Now, I’ll admit I grew up calling these large limas or dried limas and called their smaller green to cream colored fresh counter parts butter beans (like these). And I’m not alone. I surveyed y’all on Facebook and saw that quite a few follow my naming nomenclature, while others were the opposite. Many of you call these large dried beans butter beans. And with more than 1,000 replies at last check, y’all are pretty passionate about what you call ’em.
Here’s what I know for sure… Call them whatever you will. Just don’t call me late to supper when these babies are on the menu.
My recipe for cooking them is simple, straightforward, and only calls for a handful of ingredients, but it’s the method that really matters. Let’s jump in…
Now, my mom taught me that with all dried beans, they need to be soaked before cooking – whether using the overnight or the quick soak method. Now, since I know she’s reading this (Hi, Mom!), I’ll fall short of saying she’s wrong, but I will say that we now know better. Yep, modern science and testing have revealed that soaking beans really doesn’t do much other than cut down on the cook time (which isn’t a huge difference anyway).
Since it’s how I learned to cook, I’m a strong proponent of the philosophy that the way your mom or grandma did it is the right way. So if you want to soak your beans, by gosh you need to soak those beans. But the truth is that if you don’t have time to soak, (or just don’t want to) you’re going to come out with some super delicious beans either way.
Now for me, these large dried limas should be swimming in a thick, rich broth that’s super creamy. It’s the way mom made them and after a few tests, the trick to getting them that way is super simple. You have to stir them.
You see those beans right above here? Those beans were cooked using the exact same method and ingredients, but I only stirred them twice. The result is mainly whole beans and a relatively thin, clear broth.
Now these down here below were stirred quite a bit more. The stirring broke some of the beans up and the starch from those beans thickened the broth and made for a hearty, thick sauce to coat the beans. This is how Mom made them.
Either way is delicious, it’s just all in how you like them.
Now while some recipes calls for onion, garlic, even carrots, Mom made her beans with just water, smoked meat, salt, and pepper. Often she would also include a pinch of ground ginger as many claim it helps with the uh… um, “after effects” of eating a bowl full of beans, but there’s no scientific evidence of that being true.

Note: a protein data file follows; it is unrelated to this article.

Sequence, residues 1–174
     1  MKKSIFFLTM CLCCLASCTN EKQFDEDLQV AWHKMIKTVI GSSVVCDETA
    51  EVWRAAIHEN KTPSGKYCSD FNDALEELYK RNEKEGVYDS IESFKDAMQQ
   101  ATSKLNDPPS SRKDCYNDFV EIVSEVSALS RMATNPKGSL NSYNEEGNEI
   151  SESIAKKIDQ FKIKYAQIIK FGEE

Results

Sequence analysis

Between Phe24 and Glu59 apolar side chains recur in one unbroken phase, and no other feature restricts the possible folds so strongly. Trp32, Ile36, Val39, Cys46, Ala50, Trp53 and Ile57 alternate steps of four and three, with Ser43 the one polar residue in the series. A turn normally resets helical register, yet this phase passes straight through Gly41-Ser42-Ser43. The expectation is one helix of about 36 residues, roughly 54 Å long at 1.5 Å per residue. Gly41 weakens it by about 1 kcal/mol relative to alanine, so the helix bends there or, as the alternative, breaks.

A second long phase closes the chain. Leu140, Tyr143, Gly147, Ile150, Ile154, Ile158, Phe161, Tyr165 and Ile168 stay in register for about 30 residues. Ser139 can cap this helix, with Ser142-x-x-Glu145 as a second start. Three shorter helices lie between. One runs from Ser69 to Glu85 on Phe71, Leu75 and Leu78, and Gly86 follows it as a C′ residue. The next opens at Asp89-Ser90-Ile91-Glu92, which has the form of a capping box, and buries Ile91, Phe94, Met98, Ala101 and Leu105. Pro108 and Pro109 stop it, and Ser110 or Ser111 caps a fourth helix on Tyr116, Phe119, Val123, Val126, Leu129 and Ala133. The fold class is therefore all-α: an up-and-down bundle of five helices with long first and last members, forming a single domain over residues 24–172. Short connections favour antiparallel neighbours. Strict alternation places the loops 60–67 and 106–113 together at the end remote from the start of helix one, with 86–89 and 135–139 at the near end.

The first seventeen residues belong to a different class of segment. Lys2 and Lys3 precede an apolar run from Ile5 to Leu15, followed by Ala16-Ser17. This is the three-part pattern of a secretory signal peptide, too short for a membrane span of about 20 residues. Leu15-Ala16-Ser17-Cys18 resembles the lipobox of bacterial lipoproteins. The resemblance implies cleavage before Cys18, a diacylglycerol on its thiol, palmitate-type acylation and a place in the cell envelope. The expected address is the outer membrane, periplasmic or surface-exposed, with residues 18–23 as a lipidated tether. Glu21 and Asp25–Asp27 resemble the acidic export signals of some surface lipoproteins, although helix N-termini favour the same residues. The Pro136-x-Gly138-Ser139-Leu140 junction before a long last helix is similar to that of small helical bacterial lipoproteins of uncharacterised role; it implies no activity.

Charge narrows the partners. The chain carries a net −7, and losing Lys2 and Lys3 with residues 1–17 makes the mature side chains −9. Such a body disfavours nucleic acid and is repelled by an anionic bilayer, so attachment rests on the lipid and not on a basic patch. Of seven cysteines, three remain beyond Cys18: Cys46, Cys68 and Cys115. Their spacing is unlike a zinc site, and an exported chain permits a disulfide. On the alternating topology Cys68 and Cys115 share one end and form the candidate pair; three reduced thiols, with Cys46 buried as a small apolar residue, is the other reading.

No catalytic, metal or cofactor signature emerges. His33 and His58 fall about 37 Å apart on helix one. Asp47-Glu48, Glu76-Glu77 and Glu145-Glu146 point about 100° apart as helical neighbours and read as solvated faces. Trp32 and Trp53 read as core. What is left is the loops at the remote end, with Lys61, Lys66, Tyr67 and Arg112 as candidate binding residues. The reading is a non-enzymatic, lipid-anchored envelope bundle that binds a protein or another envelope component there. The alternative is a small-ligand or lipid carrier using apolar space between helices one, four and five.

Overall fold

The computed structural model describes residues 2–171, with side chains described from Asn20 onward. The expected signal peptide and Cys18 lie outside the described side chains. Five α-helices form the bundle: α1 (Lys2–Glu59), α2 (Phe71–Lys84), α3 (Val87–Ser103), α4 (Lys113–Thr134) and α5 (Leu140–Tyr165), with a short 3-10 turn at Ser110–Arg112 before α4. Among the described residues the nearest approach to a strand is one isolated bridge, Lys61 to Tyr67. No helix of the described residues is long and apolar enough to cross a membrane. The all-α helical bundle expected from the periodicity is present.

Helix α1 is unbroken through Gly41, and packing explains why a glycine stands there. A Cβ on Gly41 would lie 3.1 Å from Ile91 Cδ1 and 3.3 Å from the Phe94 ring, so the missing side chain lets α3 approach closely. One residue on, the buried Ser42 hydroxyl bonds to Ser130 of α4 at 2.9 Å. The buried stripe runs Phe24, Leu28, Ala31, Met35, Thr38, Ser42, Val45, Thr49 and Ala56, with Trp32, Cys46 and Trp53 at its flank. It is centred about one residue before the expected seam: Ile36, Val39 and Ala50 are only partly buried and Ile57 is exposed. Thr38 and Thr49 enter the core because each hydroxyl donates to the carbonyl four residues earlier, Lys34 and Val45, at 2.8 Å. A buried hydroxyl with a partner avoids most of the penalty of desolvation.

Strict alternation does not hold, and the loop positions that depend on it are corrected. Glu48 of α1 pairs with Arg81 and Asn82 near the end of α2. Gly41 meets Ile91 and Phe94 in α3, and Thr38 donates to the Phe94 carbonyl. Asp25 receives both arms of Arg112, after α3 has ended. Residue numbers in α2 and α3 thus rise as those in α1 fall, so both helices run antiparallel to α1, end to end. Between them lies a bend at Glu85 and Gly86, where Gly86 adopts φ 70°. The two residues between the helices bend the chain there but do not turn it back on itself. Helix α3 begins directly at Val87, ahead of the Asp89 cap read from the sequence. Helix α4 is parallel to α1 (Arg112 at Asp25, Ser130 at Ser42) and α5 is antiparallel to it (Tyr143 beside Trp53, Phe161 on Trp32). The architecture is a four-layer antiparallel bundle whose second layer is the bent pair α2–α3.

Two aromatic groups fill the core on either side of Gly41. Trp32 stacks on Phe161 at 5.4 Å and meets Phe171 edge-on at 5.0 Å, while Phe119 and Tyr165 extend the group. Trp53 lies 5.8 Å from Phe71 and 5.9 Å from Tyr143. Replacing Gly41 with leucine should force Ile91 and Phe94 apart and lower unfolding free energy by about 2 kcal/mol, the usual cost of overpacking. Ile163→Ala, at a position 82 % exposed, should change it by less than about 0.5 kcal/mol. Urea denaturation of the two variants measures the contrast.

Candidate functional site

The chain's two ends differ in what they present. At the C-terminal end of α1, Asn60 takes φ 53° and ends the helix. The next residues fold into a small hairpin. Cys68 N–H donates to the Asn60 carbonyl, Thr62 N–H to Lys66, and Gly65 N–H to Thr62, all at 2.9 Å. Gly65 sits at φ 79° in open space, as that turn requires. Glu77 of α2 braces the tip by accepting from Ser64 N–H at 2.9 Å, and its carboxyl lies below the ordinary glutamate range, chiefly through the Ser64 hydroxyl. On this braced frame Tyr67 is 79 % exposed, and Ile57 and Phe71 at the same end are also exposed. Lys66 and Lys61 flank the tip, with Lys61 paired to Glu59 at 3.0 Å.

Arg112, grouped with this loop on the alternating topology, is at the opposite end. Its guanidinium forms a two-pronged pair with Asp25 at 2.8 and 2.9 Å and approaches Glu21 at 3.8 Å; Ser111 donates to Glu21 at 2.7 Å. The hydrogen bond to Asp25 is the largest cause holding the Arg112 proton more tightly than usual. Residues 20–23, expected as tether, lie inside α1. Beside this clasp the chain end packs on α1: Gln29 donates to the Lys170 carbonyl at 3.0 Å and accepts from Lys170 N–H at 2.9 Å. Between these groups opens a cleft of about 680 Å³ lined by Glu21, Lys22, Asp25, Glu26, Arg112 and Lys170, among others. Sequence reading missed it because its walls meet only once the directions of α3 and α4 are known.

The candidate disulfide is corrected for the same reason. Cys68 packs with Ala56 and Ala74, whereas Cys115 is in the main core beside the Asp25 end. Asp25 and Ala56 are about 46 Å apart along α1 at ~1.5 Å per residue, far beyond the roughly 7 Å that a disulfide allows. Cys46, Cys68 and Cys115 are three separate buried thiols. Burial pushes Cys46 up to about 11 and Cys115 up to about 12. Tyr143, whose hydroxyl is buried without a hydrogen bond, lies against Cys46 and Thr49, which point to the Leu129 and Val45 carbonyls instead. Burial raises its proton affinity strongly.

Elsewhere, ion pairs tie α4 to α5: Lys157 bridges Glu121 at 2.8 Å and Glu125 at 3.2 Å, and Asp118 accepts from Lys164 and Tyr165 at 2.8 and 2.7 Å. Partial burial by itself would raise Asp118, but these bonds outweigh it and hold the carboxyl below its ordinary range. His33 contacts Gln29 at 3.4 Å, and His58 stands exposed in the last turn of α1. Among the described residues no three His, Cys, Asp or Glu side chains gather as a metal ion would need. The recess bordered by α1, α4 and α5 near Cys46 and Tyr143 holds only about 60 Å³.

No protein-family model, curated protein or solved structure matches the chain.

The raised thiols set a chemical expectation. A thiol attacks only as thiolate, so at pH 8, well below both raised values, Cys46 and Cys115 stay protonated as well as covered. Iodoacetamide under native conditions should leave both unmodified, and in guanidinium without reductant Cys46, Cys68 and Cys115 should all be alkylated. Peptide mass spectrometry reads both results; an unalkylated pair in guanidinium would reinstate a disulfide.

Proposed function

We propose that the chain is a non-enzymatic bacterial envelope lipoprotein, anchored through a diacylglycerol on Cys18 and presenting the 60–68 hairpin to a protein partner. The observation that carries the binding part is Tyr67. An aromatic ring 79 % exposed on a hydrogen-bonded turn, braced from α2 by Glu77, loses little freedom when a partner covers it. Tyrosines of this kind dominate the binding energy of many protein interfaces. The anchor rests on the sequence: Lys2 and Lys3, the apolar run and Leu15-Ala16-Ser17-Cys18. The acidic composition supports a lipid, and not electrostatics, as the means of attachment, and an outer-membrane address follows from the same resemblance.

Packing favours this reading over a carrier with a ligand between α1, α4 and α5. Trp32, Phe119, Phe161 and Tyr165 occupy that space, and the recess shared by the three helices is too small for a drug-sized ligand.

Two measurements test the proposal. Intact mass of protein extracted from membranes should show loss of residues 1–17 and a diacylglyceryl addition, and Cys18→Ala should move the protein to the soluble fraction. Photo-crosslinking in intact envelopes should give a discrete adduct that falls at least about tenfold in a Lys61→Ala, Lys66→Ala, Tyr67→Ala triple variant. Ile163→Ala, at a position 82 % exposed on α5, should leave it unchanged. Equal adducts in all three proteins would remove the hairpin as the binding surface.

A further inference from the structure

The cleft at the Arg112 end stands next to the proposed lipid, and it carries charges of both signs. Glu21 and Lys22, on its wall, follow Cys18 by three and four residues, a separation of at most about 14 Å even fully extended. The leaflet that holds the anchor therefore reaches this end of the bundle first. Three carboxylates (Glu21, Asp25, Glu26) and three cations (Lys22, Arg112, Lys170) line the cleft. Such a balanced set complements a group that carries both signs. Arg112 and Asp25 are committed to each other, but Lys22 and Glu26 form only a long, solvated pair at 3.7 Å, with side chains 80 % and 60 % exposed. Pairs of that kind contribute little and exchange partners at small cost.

Outside of the beans themselves, most of the flavor comes from the salt and the smoked meat. I keep ham hocks frozen for this because I think they add the most flavor to dishes like this, but a ham bone, smoked turkey wings, smoked pork neck bones, or even smoked sausage can be used to get that smoky flavor.
Regardless of what you call them and whether you stir them or not, these beans are a hearty, delicious side (or even main dish) that’s perfect alongside some piping hot cornbread. In my family, beans like this have always been served with some raw onion. I’ve heard others say they add mayonnaise or even ketchup to them. No matter what goes with them, I know you’re going to love them! Y’all enjoy!
Southern Lima Beans (Butter Beans)
- 1 pound large dried lima beans
- 1 large smoked ham hock*
- 9 cups water
- 1 1/2 teaspoons salt
- 1/2 teaspoon black pepper
- Rinse the beans and check for any foreign particles.
- Add the beans to a large pot or dutch oven. Add the ham hock, water, and salt. Bring to a boil, reduce the heat to a low boil, and cook for about 20 minutes. Reduce the heat to a simmer, cover tightly and cook for 1 1/2 to 2 hours, or until the beans are tender to your liking. Add water to keep the beans just covered. Stir less frequently to allow the beans to stay intact, or stir more often to create a thick, rich broth. Be sure to see the blog post for details. Add the pepper and additional salt to taste. If desired, remove the hock, shred the meat, and return it to the pot.
Slow Cooker Method:
- Place beans, water, ham hock, salt and pepper in a 6 quart slow cooker and cover. Cook on high for 5 hours (or low for 7 to 8 hours) or until the beans are tender to your liking. Stir well and adjust seasoning to your taste. If needed, add hot water to the beans to keep them covered as to not drop the temperature as they cook. If desired, remove the hock, shred the meat, and return it to the slow cooker.
If nutritional values are provided, they are an estimate and will vary depending on the brands used. If calorie count and other nutritional values are important to you, I recommend grabbing your favorite brands and plugging those ingredients into an online nutritional calculator.